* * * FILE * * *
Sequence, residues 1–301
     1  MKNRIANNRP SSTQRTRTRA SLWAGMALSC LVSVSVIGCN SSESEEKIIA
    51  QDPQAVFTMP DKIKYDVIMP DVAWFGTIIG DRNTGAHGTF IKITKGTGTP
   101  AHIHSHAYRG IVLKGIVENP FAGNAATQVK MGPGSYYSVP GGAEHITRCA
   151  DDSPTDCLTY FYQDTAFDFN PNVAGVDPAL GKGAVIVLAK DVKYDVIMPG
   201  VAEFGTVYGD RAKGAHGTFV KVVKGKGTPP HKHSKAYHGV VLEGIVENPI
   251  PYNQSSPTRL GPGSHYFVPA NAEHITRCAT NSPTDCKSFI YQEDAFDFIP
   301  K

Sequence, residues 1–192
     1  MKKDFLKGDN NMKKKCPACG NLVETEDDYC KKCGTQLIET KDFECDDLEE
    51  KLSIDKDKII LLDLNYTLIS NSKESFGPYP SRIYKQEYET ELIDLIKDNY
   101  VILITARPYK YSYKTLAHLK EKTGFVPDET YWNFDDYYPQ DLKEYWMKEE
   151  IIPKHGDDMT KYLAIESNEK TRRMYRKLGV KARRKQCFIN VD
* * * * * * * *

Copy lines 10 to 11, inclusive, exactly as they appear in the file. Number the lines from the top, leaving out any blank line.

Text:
     1  MKKDFLKGDN NMKKKCPACG NLVETEDDYC KKCGTQLIET KDFECDDLEE
    51  KLSIDKDKII LLDLNYTLIS NSKESFGPYP SRIYKQEYET ELIDLIKDNY